And hold it to it's most precise meaning possible, then yes, any doubt of the purest objectivity would be considered antiscience (by such an absolute reading). However I think the argument wiki is making is more like: "the rejection of any scientific result, no matter how strong, due to the nebulous assertion regarding the objectivity of science." Certainly Bacon wouldn't have doubted a Law with much scientific support, but perhaps Descartes would have. That's the difference.

Certainly no one can be 100% objective, but that's a boring argument because in truth no one can be 100% anything (clever, smart, honest, sincere, etc.).

So either the wikipedia entry is completely insane in demanding that all who support science believe in it's 100% objectivity, or you're being overly strict in your reading.

We are all the Antiscience

Lets face it, no one ever thinks they are ever anything bad, and we all invariably are in one way or another, perhaps no consciously, but certainly unconsciously. I'm suggesting we all carry prejudices that we take to be self evident facts that future generations will recognize as superstition. For instance, "the simplest answer is probably the correct one" has absolutely no mathematical or scientific basis. In other words, it's a superstition. But many scientists would object to it being characterized so. There are other examples I can name. More importantly there are other examples that I cannot and thus am complicit in.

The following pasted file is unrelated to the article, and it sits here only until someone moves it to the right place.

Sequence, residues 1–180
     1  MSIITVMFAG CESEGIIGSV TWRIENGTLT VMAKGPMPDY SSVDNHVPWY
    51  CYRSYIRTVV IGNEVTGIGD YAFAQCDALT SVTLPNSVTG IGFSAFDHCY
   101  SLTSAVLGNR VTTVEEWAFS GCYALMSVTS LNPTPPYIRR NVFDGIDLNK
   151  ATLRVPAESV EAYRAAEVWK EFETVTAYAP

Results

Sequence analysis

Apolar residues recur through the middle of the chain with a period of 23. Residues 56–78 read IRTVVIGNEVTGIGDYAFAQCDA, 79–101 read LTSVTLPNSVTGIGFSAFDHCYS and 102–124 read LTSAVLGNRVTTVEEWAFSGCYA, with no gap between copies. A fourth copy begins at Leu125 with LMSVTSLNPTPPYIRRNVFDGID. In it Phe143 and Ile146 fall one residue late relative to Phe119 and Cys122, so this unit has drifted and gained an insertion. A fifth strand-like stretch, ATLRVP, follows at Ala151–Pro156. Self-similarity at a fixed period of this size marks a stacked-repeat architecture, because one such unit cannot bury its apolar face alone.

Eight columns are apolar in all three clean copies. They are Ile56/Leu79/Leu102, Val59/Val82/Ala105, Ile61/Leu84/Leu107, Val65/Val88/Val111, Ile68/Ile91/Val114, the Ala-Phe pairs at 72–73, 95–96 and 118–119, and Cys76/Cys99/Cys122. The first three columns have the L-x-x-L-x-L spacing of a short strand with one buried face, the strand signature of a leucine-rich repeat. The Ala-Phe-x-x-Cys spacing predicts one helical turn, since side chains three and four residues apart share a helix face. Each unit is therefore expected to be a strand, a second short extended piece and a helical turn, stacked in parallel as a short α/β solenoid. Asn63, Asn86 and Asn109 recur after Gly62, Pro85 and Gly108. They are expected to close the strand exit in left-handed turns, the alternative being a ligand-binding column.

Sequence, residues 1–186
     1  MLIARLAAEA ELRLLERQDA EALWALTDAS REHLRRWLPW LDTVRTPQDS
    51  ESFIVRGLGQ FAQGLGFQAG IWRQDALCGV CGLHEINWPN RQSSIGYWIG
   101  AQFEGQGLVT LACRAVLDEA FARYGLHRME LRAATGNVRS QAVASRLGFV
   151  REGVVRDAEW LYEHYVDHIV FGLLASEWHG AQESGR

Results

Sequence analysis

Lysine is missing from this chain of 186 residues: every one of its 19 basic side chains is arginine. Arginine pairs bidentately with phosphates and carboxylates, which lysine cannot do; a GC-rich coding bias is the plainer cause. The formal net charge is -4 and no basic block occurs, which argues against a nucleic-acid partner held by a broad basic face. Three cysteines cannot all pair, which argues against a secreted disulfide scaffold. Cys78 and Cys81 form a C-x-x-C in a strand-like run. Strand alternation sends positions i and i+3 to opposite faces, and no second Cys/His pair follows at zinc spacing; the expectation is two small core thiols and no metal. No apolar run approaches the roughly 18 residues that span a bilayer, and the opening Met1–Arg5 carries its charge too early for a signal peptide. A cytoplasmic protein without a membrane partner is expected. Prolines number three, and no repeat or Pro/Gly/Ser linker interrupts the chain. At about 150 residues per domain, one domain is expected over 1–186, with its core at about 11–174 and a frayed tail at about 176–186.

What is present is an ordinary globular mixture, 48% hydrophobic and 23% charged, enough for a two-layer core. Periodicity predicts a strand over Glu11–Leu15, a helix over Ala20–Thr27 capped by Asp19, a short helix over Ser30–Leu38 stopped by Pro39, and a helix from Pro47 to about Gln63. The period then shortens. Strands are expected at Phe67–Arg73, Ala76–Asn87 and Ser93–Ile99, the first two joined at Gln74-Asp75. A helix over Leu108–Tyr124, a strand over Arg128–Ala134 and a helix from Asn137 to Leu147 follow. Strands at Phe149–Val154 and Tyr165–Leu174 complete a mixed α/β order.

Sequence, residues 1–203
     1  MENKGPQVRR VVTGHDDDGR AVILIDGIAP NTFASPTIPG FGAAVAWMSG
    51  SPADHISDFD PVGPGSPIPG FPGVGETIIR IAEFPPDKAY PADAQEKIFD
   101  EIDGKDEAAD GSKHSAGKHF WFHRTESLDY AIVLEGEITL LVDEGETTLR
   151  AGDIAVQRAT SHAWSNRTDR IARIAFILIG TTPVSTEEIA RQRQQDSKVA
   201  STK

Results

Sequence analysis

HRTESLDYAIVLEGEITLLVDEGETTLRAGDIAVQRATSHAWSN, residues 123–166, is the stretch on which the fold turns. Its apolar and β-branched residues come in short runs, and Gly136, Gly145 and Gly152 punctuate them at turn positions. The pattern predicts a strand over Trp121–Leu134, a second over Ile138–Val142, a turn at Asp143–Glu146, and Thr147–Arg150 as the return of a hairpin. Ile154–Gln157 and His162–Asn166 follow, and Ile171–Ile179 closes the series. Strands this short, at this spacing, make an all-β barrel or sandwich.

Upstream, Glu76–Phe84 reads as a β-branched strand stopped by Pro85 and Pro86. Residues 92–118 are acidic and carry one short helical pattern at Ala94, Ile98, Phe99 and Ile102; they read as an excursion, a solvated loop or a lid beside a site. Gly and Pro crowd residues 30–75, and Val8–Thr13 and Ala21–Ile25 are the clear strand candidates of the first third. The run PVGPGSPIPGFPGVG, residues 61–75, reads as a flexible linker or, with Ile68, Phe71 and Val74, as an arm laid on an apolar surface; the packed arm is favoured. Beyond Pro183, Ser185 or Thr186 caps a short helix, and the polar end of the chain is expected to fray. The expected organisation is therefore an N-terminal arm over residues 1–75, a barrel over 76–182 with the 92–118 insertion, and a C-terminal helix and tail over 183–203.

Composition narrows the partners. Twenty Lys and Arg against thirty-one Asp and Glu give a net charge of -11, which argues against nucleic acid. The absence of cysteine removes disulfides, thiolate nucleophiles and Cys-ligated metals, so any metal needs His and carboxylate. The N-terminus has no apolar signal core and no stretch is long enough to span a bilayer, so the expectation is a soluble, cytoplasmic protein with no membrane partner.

We need to turn our critical eye towards ourselves instead of others and rid ourselves of our own existentialist prejudices. By leading by example we can eventually undermine this growing Antiscience sentiment.

At least, that's how I feel.

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#3

Re: More Antiscience: Cancelling the James Webb Space Telescope

07/07/2011 4:12 PM

It is just a proposal. Nothing has been cut and as we all know that the world of quantum physics is only surpassed by the world of politics when it comes to not being predictable.

This is not a settled debate.

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#4

Re: More Antiscience: Cancelling the James Webb Space Telescope

07/07/2011 4:54 PM

It goes all the way to the top.

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#6
In reply to #4

Re: More Antiscience: Cancelling the James Webb Space Telescope

07/07/2011 6:05 PM

Two different issues. What does nuclear waste have to do with the James Webb Space project? You did find the word Anti-Science in an article title. The problem with nuclear waste is NO ONE wants it... NIMBY. Maybe you'd like to start a movement to have it stored in your area somewhere. Who knows, maybe you'll find a very positive response to the idea.

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#7